Cities Combating Hunger Through Afterschool Meals Programs

With support from the Walmart Foundation, NLC's Institute for Youth, Education and Families is working with the Food Research and Action Center to help cities reduce child hunger and supplement current funding for out-of-school time programs in their communities by increasing participation in the federal Afterschool Meal Program.

As part of this $1 million initiative, NLC selected 21 cities to attend two Combating Child Hunger through the Federal Afterschool Meal Program (CHAMP) leadership academies that took place May 2-3 in Washington, D.C., and May 22-23 in Chicago, Ill.

Teams of up to three municipal officials and local partners from each city attended the leadership academy to learn about practical strategies for helping more children receive federally-funded meals after school and on weekends through the expanded Afterschool Meal Program. The selected cities were: Anchorage, Alaska; Boise, Idaho; Bridgeport, Conn.; Brooklyn Park, Minn.; Charleston, S.C.; Charlottesville, Va.; Chicago, Ill.; Denver, Colo.; Fort Worth, Texas; Grenada, Miss.; Indianapolis, Ind.; Las Vegas, Nev.; Little Rock, Ark.; Louisville, Ky.; Nashville, Tenn.; Northfield, Minn.; Omaha, Neb.; Orlando, Fla.; Portland, Ore.; Rapid City, S.D.; and Tampa, Fla.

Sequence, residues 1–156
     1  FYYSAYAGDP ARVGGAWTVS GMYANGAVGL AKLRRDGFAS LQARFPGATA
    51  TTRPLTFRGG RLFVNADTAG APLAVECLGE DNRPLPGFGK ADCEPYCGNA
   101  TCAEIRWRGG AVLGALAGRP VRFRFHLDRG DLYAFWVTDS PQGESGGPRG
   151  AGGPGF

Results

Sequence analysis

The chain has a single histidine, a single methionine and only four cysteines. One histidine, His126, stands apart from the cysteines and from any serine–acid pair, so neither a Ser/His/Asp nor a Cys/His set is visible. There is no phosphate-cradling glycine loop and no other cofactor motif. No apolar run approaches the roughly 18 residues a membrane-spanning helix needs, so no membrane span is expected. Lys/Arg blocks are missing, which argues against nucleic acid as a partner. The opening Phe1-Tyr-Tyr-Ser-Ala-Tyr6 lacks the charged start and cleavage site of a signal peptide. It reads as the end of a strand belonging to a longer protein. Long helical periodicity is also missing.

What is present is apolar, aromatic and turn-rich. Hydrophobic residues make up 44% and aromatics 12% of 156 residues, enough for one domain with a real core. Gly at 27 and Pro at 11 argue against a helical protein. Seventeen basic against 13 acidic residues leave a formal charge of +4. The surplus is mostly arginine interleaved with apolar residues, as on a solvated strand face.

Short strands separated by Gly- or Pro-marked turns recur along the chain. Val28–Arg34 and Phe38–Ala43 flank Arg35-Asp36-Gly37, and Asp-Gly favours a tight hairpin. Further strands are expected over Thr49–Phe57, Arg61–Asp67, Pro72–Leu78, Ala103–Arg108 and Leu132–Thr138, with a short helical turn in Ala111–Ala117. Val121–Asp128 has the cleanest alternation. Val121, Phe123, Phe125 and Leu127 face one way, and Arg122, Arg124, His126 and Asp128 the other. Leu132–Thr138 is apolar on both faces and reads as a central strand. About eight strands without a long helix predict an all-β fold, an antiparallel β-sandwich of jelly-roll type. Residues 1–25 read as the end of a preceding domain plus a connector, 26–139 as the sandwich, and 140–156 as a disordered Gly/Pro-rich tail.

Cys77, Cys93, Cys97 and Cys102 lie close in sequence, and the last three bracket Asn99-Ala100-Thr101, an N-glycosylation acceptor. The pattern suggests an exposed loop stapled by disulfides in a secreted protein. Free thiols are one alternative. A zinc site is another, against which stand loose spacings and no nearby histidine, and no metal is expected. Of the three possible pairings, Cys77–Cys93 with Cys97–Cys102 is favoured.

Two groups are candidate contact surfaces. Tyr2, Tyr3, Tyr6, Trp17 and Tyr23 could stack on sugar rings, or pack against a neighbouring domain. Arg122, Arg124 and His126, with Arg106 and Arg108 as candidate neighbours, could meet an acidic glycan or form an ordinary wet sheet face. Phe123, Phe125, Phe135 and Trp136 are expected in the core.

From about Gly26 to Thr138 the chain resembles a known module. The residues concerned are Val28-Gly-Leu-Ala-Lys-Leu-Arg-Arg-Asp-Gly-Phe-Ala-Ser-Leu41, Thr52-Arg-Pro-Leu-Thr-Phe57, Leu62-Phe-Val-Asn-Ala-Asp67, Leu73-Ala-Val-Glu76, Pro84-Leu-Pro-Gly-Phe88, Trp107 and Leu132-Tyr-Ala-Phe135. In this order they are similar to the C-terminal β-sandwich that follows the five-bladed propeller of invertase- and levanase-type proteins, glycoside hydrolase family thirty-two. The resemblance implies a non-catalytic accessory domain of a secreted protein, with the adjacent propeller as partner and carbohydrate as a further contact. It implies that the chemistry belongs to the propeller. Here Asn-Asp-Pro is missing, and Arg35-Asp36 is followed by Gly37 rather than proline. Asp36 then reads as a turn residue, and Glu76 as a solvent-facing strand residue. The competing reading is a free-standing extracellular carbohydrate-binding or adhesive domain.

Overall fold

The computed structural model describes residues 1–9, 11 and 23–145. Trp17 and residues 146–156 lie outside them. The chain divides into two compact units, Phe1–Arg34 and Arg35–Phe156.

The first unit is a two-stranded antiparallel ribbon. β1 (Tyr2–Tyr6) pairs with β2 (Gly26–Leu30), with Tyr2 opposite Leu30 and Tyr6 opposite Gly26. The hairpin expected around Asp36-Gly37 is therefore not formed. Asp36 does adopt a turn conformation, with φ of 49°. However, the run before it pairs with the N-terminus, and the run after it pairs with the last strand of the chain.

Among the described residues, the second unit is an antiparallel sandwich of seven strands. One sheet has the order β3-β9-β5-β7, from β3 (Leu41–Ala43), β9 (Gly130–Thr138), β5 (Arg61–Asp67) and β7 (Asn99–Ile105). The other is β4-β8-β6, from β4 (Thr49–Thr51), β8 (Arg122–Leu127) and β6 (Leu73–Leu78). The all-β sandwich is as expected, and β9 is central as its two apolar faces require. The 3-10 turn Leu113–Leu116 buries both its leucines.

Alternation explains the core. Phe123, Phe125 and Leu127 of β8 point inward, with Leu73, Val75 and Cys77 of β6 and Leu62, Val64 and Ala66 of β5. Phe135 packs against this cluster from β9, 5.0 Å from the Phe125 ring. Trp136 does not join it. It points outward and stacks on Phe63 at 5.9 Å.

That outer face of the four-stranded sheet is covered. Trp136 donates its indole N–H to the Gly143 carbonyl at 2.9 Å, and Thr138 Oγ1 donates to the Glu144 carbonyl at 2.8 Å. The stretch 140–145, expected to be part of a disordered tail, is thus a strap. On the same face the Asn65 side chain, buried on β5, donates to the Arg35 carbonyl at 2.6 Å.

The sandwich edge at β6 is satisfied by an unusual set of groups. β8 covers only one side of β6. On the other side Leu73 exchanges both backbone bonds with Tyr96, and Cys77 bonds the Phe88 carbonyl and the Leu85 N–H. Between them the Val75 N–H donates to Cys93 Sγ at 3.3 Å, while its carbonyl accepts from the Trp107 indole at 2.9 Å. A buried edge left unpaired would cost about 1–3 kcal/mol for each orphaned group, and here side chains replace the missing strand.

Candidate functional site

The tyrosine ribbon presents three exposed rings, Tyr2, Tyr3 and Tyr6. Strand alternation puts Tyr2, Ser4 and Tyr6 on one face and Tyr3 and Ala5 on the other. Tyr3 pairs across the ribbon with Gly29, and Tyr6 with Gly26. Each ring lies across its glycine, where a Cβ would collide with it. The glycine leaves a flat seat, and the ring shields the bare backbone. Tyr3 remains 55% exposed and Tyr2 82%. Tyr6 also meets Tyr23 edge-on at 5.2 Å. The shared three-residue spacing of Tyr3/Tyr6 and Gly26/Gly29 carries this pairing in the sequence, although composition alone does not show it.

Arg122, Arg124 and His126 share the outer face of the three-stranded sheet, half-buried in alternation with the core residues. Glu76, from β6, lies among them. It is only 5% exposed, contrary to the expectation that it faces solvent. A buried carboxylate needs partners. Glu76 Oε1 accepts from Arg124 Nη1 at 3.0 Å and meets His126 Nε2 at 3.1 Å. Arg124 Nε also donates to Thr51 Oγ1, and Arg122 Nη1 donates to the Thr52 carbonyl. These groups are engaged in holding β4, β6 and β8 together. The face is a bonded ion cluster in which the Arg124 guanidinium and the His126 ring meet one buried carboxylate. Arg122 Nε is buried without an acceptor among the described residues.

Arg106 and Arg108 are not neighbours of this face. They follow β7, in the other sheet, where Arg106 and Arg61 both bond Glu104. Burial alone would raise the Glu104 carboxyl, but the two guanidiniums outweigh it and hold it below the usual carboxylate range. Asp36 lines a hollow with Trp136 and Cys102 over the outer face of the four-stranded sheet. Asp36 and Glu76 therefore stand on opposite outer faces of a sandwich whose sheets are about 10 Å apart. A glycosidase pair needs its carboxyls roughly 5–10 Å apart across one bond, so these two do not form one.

Following these convenings, 11 cities were selected to receive regranted funding from the Walmart Foundation, as well as more intensive technical assistance from NLC and FRAC to boost program participation. As part of the initiative, the following cities will receive grants of up to $60,000 and practical guidance as they take steps to increase children's participation in the federal Afterschool Meal Program: Boise, Idaho; Bridgeport, Conn.; Charlottesville, Va.; Chicago, Ill.; Denver, Colo.; Las Vegas, Nev.; Nashville, Tenn.; Northfield, Minn.; Omaha, Neb.; Orlando, Fla.; and Tampa, Fla.

How Can the Afterschool Meal Program Reduce Child Hunger?

The federal Afterschool Meal Program reimburses city agencies, schools and nonprofit organizations that provide nutritious meals at their afterschool and weekend programs for children and youth. Passage of the Healthy, Hunger-Free Kids Act in December 2010 made this program available in all 50 states following a successful 13-state pilot project.